They are not. Certain countries, whose inhabitants happen to be mainly Catholics, are characterized by frequent political upheavals, but that is a very different matter. Temperament accounts for this in some degree. Descendants of the Latin races have not the same calm self-possession of the colder and more phlegmatic northern Europeans. Again, economic prosperity in the northern peoples gave less cause for turbulence, though internal disputes are rapidly becoming a feature amongst these people also. But the Catholic religion as such is not involved in this question. Italy is at present advancing, whilst steadily restoring Catholicism after its disfavor since the revolution of 1870, a revolution produced not by Catholic but by anti-Catholic influences. Catholicism and progress are here going hand in hand. Another Catholic country could easily be on the decline. Holland has declined since it became Protestant, but no Catholic dreams of blaming Protestantism for this. We must look to natural factors to explain the natural swing of the pendulum in national and political matters. We can no more connect the rise and fall of nations with religion as such than we can judge an individual's religion by his material well-being. Catholicism, if accepted, will result even in the temporal well-being both of individuals and of nations. If Catholicism does not seem to do so, it is because it is not being put into practice sincerely by those professing it. But we are not justified in arguing back to religion from all types of temporal well-being and progress.
The whole populace does not. Political revolutionaries and anti-religious minorities take advantage of the lack of political organization of Catholics at times. In Russia, the attack on the Church is due to anti-religious forces, and to anti-Christian Communists. In Mexico, anti-religious forces are also responsible, even though some of the revolutionaries against the Church are nominally Catholic. In Spain, whilst the country was involved in political changes, an anti-religious minority, backed by foreigners and supplies from Russian and other Communists, attacked and looted religious institutions and churches. No well-informed Christians of any denomination rejoice over these anti-religious movements. They do not proceed from any desire of a purer religion, but work for the destruction of all religion.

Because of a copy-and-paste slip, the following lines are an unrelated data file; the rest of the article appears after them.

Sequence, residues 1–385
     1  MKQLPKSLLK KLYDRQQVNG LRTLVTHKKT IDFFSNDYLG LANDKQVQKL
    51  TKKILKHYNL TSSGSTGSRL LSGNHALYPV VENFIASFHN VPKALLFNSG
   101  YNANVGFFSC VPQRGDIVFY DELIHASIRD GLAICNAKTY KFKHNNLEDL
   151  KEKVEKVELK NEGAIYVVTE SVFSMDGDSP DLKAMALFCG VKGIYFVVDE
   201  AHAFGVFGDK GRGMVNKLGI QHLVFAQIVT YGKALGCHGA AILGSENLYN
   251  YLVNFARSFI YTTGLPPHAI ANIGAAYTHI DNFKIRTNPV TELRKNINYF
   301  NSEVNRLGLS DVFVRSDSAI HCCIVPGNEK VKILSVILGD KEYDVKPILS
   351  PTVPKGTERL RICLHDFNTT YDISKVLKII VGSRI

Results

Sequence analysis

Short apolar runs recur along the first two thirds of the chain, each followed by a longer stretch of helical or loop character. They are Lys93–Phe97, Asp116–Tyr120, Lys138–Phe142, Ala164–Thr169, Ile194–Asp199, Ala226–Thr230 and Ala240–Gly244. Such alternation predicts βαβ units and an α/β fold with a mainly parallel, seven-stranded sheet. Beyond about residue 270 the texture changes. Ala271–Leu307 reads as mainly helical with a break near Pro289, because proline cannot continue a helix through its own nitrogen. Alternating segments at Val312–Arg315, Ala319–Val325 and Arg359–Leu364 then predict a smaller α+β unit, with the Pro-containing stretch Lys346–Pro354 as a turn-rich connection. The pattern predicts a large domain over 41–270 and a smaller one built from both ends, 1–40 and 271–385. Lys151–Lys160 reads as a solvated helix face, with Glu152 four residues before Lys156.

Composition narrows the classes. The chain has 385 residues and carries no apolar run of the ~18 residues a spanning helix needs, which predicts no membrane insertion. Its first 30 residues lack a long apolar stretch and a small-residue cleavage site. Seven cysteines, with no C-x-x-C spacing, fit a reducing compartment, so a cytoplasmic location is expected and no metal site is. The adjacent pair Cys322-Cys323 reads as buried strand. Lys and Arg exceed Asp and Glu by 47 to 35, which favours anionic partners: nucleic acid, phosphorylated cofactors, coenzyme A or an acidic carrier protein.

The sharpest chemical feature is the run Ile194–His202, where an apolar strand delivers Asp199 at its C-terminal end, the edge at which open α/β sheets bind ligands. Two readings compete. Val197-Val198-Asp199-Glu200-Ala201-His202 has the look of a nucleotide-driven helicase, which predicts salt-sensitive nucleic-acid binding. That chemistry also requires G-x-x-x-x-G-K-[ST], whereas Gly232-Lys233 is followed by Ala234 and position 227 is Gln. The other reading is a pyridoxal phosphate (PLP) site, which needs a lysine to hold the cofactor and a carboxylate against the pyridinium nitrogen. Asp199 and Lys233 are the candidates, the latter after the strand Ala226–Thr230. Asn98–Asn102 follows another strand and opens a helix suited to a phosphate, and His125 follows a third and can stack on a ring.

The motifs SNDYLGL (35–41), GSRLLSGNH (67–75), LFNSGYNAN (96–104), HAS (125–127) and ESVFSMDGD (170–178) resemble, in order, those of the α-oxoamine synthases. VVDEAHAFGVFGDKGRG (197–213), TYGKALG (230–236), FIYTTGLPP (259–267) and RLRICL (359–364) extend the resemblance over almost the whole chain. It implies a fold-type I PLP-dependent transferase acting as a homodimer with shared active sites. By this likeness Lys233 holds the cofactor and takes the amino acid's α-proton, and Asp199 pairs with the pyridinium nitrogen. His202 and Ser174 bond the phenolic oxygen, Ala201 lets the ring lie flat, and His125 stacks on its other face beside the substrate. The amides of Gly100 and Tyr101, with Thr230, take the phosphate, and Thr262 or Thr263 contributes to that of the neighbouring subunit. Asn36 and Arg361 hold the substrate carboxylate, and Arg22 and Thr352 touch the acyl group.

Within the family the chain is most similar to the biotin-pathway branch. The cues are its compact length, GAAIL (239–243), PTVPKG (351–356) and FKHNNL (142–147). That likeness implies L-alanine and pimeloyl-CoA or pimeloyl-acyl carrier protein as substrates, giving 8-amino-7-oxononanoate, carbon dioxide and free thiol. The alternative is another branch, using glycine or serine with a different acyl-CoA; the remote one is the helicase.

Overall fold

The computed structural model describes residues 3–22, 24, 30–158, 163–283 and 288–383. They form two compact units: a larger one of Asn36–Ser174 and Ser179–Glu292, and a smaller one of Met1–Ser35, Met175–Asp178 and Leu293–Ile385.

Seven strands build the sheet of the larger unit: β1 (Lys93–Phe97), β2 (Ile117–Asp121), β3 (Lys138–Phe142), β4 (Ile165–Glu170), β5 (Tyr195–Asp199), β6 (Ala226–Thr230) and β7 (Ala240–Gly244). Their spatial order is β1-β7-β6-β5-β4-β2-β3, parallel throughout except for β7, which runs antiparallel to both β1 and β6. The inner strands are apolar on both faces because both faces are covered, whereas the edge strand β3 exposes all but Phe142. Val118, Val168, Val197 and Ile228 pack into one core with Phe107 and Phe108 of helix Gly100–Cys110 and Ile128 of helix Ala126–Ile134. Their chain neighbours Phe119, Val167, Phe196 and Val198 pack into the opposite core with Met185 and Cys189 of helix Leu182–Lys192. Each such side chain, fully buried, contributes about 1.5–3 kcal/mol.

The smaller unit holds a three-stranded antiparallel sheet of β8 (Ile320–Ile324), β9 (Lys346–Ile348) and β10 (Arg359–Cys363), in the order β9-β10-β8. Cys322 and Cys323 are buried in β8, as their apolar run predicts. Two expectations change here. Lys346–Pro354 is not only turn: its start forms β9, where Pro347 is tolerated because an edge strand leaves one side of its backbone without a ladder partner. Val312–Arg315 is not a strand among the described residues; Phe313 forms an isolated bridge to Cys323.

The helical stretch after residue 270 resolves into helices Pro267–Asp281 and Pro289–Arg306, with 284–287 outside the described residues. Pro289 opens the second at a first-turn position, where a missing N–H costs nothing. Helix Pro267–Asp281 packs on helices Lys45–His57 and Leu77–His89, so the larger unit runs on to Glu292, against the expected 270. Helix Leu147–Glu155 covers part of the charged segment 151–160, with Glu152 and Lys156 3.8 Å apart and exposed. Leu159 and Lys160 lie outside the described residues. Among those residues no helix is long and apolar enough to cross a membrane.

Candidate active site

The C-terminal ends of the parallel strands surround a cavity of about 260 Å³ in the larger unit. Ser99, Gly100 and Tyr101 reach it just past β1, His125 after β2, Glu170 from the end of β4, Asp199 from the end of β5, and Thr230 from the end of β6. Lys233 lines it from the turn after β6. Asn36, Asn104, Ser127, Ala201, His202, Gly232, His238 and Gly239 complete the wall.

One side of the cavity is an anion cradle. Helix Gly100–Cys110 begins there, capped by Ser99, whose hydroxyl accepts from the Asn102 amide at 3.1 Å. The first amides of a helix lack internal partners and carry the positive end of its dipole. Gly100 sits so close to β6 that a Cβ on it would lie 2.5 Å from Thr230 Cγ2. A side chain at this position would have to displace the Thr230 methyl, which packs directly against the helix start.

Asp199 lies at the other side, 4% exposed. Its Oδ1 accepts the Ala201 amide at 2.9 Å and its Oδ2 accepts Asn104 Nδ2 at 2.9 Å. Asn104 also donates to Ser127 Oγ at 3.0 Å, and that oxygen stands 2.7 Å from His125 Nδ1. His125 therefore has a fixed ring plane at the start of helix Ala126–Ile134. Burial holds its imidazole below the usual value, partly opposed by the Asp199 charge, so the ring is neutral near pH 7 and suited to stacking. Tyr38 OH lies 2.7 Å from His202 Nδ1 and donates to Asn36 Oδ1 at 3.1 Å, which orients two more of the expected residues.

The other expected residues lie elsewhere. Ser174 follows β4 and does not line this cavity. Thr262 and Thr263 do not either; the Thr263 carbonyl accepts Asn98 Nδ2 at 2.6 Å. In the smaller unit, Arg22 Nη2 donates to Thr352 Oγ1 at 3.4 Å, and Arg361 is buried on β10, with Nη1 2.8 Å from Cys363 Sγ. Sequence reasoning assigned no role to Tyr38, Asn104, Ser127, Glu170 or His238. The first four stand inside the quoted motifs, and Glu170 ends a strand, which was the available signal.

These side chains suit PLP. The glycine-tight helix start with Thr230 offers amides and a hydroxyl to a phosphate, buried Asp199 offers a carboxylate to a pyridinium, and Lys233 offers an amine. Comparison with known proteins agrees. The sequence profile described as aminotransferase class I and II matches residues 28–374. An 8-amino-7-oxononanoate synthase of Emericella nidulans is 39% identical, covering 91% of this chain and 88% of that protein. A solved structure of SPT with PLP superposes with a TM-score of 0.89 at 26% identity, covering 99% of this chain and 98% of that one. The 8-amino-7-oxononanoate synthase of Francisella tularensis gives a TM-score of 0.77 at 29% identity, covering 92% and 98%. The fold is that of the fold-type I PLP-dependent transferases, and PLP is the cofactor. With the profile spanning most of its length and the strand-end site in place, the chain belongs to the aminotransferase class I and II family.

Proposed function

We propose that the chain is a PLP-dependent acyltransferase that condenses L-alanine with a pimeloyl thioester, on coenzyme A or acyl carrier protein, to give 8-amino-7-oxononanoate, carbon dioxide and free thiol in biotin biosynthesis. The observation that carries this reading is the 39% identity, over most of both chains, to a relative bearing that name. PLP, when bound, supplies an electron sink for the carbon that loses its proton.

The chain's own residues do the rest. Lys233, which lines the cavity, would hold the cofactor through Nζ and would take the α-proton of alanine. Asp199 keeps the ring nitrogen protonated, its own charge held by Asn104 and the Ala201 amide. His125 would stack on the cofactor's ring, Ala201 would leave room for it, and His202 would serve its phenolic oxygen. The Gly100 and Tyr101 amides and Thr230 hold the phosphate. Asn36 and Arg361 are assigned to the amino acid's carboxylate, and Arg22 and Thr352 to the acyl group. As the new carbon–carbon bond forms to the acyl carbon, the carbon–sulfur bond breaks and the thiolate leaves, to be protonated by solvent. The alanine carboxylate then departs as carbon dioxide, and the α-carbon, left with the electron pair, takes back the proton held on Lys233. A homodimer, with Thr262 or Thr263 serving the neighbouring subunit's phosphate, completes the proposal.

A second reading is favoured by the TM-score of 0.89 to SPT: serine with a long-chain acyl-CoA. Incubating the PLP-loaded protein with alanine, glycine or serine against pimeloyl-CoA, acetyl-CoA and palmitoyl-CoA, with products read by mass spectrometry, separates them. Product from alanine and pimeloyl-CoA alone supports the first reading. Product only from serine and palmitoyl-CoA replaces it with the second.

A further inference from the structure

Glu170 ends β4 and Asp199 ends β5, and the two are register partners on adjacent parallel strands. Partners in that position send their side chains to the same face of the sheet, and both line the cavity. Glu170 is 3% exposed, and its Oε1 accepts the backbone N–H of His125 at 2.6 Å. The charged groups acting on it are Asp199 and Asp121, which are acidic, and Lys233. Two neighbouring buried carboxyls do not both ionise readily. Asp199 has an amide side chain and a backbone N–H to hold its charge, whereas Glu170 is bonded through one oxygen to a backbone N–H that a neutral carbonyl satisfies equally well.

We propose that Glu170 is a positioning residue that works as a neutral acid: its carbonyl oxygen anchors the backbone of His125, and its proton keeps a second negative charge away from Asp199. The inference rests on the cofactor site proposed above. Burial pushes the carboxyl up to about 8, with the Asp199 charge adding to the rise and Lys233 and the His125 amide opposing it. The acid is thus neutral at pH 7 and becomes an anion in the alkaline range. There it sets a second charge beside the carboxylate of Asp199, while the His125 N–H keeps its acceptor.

Atheists and bad Catholics may rebel against the Catholic Church, which condemns their vices. But why should anyone rebel against the Protestant Churches? Protestantism is most obliging as a rule, and instead of going against the grain, and ordering its adherents to renounce their evil inclinations, either remains discreetly silent, or breaks down Christian principles to suit the desires of men. How often we notice Protestant leaders first studying what men want, and then interpreting Christianity accordingly! The Catholic Church first asks what Christ wants, and then tells men that, even though it be uncomfortable, they must live up to it. Protestant Churches sanction divorce, birth-control, and almost any heretical doctrine about Christ and His teachings, impose no strict obligation of Sunday worship, and are so harmless generally that no one would think of being up in arms against them. If a man does not like them, he just ignores them. The Catholic Church, however, is known to be a really vital force, and men find that they cannot ignore her. Enemies of Christianity are not concerned much with Protestantism. It is in Catholicism that they recognize the deadly enemy of atheism, materialism, and Communism.